UK gov pledges post-pandemic digital skills boost
The legislative programme, which already includes an intensive coding ‘bootcamp’, was welcomed by the BCS
The UK government has unveiled a new policy and funding programme which aims to ensure that all adults have equal opportunities to learn new skills such as coding.
Announced as part of the Queen’s Speech on Tuesday, the legislation is aimed at supporting the UK’s post-pandemic recovery by providing people with the chance to upskill and retrain regardless of their age. This includes facilitating access to student loans, providing employers with a statutory role in planning publicly-funded training programmes, as well as granting the Secretary of State for Education increased influence in monitoring whether colleges meet local needs.
The new policies are part of the recently unveiled ‘Lifetime Skills Guarantee’, which last month launched 400 free qualifications ranging from engineering and digital skills to social care.
Available to any adult who has not already achieved a qualification at Level 3, the digital qualifications offer digital skills boot camps in computer science, software deployment, systems infrastructure, cyber security, and coding. The courses have already managed to train 3,000 people, with another 14,000 signed up to attend later this year.
According to the government, the ‘Lifetime Skills Guarantee’ will allow adults to “change careers, upskill regularly, and stay up to date with changing knowledge and technologies”.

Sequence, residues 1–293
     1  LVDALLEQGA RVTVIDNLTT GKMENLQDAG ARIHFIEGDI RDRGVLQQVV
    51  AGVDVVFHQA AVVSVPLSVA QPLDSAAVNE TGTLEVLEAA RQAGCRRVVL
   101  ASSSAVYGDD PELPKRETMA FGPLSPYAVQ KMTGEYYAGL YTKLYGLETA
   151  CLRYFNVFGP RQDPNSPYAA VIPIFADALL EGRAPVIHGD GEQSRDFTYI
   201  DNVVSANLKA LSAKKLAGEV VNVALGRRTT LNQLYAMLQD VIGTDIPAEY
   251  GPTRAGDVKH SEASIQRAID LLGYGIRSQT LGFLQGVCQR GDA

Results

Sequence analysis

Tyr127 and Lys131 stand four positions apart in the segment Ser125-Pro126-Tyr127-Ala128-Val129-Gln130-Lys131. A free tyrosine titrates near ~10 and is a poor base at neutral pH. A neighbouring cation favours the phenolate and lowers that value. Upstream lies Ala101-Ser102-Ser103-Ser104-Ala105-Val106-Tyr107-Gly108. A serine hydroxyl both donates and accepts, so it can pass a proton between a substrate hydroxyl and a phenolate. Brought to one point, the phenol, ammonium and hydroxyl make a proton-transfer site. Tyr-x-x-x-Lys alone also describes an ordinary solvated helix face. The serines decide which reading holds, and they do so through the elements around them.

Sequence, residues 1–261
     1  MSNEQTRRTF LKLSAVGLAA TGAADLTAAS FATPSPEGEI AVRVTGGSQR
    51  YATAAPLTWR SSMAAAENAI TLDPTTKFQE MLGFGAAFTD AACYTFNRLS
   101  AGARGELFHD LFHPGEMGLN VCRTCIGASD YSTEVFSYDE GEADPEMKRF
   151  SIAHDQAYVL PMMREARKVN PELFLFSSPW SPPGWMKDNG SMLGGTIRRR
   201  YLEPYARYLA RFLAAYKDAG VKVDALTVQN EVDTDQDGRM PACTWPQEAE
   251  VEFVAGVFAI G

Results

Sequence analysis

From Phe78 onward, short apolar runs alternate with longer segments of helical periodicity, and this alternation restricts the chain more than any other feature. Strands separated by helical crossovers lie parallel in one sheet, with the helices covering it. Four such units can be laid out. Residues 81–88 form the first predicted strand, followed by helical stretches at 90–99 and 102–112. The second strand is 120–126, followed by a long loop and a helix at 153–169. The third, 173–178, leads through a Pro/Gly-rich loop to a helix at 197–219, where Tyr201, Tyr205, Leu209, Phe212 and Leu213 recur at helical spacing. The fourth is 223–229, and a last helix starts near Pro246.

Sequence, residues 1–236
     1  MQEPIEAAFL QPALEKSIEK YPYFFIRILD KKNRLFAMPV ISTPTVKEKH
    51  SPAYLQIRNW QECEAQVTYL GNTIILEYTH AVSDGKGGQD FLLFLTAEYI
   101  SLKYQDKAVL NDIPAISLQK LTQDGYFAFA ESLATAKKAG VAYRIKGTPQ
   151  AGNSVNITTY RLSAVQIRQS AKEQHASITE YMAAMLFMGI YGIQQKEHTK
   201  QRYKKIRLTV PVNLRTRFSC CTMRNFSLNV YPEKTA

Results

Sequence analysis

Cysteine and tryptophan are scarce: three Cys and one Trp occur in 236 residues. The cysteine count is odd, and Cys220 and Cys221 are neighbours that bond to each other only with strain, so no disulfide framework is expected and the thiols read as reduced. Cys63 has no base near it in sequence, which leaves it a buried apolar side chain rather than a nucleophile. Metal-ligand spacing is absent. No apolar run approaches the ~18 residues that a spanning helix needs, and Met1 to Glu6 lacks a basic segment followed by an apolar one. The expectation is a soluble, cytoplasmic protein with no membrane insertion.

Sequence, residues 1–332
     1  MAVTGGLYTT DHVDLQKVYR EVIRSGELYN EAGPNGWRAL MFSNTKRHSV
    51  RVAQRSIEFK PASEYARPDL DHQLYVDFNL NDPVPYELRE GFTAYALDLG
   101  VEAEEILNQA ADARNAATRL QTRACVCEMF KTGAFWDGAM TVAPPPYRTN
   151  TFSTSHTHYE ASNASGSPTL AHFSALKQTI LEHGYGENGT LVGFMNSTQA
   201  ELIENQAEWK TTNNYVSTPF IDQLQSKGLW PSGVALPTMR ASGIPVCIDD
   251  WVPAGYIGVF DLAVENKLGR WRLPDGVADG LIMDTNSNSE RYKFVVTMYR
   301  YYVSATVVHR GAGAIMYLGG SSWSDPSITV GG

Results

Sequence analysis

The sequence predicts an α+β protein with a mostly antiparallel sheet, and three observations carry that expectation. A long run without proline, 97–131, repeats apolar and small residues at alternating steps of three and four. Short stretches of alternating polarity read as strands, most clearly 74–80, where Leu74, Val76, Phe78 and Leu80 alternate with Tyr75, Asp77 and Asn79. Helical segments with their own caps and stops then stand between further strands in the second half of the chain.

BCS, the Chartered Institute for IT described it as “a significant step in the right direction to address the digital skills gap”.
BCS head of Apprenticeships, Annette Allmark, said that the government’s plans “will allow more people to access the training in digital skills they need for their careers – and to develop the skills the economy needs to flourish and ‘build back better’ after the pandemic”.
“Hopefully, this funding will also increase the diversity of people learning digital skills now and in the future. It’s important that the government continues to build on the many excellent training opportunities already available, such as the wide range of popular digital apprenticeships,” she added.
Allmark also stated that “there’s never been such a significant demand for digital skills – not just for an increasing number of digital occupations, but across all occupations as a result of businesses having to digitally transform during COVID”.
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According to a recent study, the majority of surveyed HR decision-makers in the UK said they believed reliance on advanced digital skills was going to increase over the next five years. Despite this, participation in A-Level and further education IT courses has declined, with the number of students taking IT subjects at GCSE level falling by 40% since 2015.
However, there is always time to retrain: the new legislative measures aim to assist adults in gaining the competencies required for better-paid employment, which often require candidates to prove that they have the necessary skills. These jobs were found to be notoriously understaffed, with employers unable to fill a quarter of their vacancies due to a lack of employees with the right skills even prior to the pandemic, according to the government.
“In addition, the digital transformation in the NHS has accelerated during the pandemic with technology being widely used across the service,” she added.
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